How to Make Plum-Blackberry Jam
The past couple of years I have been experimenting with making homemade jams. If you are new to canning, it might seem a little overwhelming, but if you are interested in getting started in canning, making homemade jam is a great place to start.
I have made several batches of blackberry jam. It really only takes a couple cups of blackberries to make some great blackberry jam. This year I was able to pick my own blackberries (for free!) so I was excited to get started making some jam.
The same day I picked blackberries, I was also able to pick some plums. When I got all the fruit home, I had no idea what I was going to do with all of it! I knew I was going to make jam with the blackberries, but had no idea what I was going to do with the plums.
I started to look around online and found some recipes for making Plum-Blackberry Jam. I thought this was an interesting combination, and I was definitely skeptical! I decided to give one of the recipes a try, however, because I didn't have anything else to do with the plums.
For this recipe I used liquid pectin, called Certo Sure-Jell. There are other ways you can make jam, but I have had really good luck with this brand of liquid pectin, so I definitely stick with what works.
When making cooked jam, the main thing to keep in mind is to follow the instructions exactly. When you are measuring, make sure to make exact measurements. I cannot emphasize this enough. It will make the difference as to whether your jam sets or not, and you don't want to go to all that effort and not have your jam set!
For approximately 4 pints of jam (I use pints instead of half-pints because we go through jars of jam very quickly!), you will need:
3 c. crushed plums
1 c. crushed blackberries
7 1/2 c. sugar
1 pouch liquid pectin
Before you start, fill your boiling-water canner half full of water and start it simmering.
Wash and sterilize your jars, lids, and screw bands. The easiest way to do this is run them through the sanitize cycle in the dishwasher and remove them from the dishwasher to use when they are still hot.
To prepare the plums, you first need to peel them. To easily peel plums, let them set in boiling water for approximately 1 minute and then dunk them in ice cold water. The skins will slip right off. Next remove the pits and chop the plums finely.
To prepare the blackberries, rinse them thoroughly and then use a potato masher to crush them in a bowl.
At this point you don't have to have measured perfectly. Mix the fruit together in a saucepan with 1/2 cup water and bring to a boil. Reduce heat, cover, and simmer for 5 minutes.
When you remove the fruit mixture from the pan, measure 4 1/2 cups of the cooked mixture. This is the measurement that counts, and the amount you need to make the jam. Note that you can change the amounts of blackberries and plums to suit your tastes, but the finished cooked mixture should measure 4 1/2 cups.
Measure exactly 4 1/2 cups of the fruit mixture into a saucepot. Stir in the sugar. Add 1/2 tsp. butter or margarine to reduce foaming if desired. Bring the mixture to a rolling boil on high heat, stirring constantly. (Note: A rolling boil doesn't stop bubbling when you stir).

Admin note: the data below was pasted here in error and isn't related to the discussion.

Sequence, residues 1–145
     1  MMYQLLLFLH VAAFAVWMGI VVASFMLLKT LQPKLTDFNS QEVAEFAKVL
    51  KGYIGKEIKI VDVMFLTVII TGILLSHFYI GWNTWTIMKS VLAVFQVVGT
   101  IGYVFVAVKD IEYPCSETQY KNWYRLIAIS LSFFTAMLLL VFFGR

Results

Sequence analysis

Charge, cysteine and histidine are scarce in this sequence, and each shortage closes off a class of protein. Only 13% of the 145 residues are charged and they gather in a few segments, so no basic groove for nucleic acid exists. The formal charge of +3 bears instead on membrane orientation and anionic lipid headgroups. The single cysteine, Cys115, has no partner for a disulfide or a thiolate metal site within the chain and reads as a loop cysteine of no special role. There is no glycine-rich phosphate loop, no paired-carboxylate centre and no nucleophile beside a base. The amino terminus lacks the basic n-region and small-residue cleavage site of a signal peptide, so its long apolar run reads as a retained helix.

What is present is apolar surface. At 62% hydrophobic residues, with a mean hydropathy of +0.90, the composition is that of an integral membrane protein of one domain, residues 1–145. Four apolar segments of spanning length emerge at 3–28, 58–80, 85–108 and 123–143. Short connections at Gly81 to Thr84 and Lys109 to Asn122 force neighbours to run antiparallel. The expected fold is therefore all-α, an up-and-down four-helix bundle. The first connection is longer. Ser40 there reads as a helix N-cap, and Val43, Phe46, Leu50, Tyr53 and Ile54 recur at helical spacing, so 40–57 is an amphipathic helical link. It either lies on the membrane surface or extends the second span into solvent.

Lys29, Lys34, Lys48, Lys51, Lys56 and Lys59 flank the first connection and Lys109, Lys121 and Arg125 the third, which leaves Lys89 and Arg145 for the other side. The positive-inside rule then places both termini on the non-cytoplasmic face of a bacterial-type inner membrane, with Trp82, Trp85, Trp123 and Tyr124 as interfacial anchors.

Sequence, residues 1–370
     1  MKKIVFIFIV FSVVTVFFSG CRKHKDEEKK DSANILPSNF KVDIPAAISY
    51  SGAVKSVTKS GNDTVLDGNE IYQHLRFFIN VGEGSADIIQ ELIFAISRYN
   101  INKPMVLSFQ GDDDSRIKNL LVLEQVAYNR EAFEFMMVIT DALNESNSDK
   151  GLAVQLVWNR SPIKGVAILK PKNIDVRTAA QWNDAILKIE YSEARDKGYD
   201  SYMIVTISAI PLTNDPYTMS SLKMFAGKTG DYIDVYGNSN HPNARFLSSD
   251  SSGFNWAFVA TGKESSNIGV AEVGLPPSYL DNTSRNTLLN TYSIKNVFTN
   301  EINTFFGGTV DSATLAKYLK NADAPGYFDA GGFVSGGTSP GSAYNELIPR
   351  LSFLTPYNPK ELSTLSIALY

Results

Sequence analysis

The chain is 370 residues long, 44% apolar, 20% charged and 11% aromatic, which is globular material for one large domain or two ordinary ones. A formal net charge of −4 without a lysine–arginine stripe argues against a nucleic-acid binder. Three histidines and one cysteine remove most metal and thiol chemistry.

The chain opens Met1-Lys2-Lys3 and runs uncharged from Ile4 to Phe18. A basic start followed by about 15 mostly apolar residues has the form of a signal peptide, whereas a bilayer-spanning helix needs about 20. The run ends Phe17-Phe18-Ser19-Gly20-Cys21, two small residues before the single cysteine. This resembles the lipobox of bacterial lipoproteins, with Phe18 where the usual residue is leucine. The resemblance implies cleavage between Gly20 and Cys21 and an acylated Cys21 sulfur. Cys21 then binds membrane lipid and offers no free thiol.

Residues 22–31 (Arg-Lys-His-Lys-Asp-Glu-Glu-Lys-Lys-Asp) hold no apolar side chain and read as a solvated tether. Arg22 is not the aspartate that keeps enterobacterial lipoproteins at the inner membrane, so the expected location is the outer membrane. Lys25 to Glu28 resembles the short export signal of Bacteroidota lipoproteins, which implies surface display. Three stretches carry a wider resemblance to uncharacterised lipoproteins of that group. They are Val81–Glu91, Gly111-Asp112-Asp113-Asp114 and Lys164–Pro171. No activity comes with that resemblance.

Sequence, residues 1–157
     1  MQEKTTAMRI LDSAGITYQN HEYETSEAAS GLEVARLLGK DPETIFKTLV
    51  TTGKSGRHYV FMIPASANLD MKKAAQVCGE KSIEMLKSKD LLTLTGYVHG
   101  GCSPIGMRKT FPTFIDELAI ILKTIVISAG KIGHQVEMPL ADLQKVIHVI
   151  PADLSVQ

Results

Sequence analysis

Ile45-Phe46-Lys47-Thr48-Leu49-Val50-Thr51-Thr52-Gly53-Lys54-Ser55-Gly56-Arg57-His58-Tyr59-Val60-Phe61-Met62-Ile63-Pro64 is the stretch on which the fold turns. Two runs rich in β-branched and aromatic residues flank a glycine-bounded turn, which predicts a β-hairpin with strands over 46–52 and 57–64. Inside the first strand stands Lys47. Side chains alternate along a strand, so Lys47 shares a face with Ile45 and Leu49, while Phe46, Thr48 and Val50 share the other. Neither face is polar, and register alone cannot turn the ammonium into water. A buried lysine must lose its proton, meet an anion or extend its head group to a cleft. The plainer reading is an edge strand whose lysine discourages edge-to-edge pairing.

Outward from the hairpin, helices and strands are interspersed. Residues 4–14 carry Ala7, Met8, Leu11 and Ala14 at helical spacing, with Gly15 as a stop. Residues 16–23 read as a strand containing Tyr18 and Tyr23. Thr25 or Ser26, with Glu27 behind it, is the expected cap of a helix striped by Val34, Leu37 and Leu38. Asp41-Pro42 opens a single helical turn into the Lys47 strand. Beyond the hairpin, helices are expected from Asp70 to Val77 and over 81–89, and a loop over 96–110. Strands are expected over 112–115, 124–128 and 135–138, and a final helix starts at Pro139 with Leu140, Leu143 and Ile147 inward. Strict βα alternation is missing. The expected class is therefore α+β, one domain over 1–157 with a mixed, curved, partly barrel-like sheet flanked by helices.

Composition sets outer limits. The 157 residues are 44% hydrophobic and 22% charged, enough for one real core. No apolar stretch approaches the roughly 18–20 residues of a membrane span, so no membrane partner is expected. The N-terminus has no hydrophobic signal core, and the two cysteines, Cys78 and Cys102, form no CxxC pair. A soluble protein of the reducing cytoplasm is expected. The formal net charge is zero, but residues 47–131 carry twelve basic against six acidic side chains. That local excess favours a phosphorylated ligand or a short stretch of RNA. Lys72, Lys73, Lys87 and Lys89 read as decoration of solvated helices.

Quickly stir in the package of liquid pectin. Return to a full rolling boil and boil exactly 1 minute, stirring constantly. Remove from heat. Skim off any foam, if necessary.
Quickly ladle mixture into sterilized jars, filling to within 1/8 inch of the tops. Wipe jar rims with a wet cloth to make sure you get a good seal. Place lid and screw band on jars and screw bands tightly. Using tongs, lower jars into canner. Water should cover the jars by 1 to 2 inches. If there is not enough water, add boiling water as necessary. Cover and bring the water to a gentle boil. Boil for 10 minutes (check the chart included with the pectin to adjust boiling times for different altitudes). Remove jars and place upright on a towel to cool completely.
After the jars have cooled, check the seals by using your finger to press down in the middle of the lid. If the lid pops back up, it is not sealed. You can still eat the jam, but it must be refrigerated and eaten within a couple of weeks. Let jars stand at room temperature for 24 hours before moving to storage. This is to make sure the jam sets completely. Do not disturb the jars while they sit. Your plum blackberry jam can be stored in a cool dark place for up to 1 year.
Yield: Approximately 4 pint jars or 8 half-pint jars
So what did my family think? They LOVED it. I also made some plain blackberry jam, and between the two jams, they definitely liked the plum-blackberry the best.
Copyright 2011, Creative Homemaking, LLC. This article may not be reprinted.
Follow my canning and preserving board on Pinterest.
Comment on this article or submit your tip to CreativeHomemaking.com.
Click here for a printer friendly version of this page.
Recommend this article to a friend.
Search our article archives.
Click here to subscribe to our weekly newsletter.